Impact of Personalized Interactive Storytelling on Suspension of Disbelief in Clinical Simulation
Dallas Campus (Online)
Date of Award
Doctor of Nursing Practice
Committee Chair or Primary Advisor
Dr. Linda Gibson
Second Committee Member or Secondary Advisor
Dr. Molly Kuhle
The literature review found suspension of disbelief (SOD) in clinical simulation heavily weighted on educators alone within high-fidelity environments. The project examined a co-created narrative background story applied to a simulated patient’s clinical profile to determine achieving an improved connectedness toward the simulated patient leading to enhanced SOD and enhanced levels of learning and reaction. The studied population was third-semester associate degree nursing students over 18 years of age with prior clinical simulation experience who were not repeating the semester. The research methodology used a quantitative experimental design with cluster sampling, randomization, and post-Likert-scored questionnaires. The intervention group co-created personalized storytelling narratives for the simulated patient’s clinical profile. After the clinical simulation activity, both intervention and control groups completed questionnaires examining their ability to achieve SOD during the activity and their levels and reaction and learning. Results using two-tailed t tests indicated the intervention revealed an enhanced level of presence during the participation. The improved presence revealed a positive, engaging experience applicable to future nursing roles and enhanced knowledge, skills, and confidence. Conclusions were drawn that applying co-created storytelling to a simulated patient’s clinical profile improves presence, suggesting an enhanced ability to achieve SOD during the activity. Recommendations for future research projects include studying storytelling in clinical simulation with a larger sample size and having participants create an entire clinical profile, analyzing the influence of emotional position toward simulation on SOD, and maintaining usage of intervention once learned.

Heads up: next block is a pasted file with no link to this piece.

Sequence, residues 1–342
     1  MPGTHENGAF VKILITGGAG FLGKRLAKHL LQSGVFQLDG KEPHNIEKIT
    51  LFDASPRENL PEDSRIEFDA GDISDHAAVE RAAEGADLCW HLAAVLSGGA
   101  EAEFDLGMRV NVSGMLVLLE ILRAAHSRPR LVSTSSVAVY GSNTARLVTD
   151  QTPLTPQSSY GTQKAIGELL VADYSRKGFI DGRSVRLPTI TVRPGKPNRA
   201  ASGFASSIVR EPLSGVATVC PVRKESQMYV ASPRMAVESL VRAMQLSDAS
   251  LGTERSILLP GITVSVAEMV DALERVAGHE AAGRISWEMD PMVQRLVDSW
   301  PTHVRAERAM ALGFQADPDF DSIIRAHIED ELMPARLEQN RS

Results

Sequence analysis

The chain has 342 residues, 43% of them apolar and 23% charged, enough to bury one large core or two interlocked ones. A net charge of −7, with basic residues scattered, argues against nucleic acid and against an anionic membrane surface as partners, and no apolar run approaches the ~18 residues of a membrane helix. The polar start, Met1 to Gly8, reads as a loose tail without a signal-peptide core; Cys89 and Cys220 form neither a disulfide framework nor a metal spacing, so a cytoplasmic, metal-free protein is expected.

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Xenakis, Audra Renee-Smith, "Impact of Personalized Interactive Storytelling on Suspension of Disbelief in Clinical Simulation" (2023). Digital Commons @ ACU, Electronic Theses and Dissertations. Paper 563.
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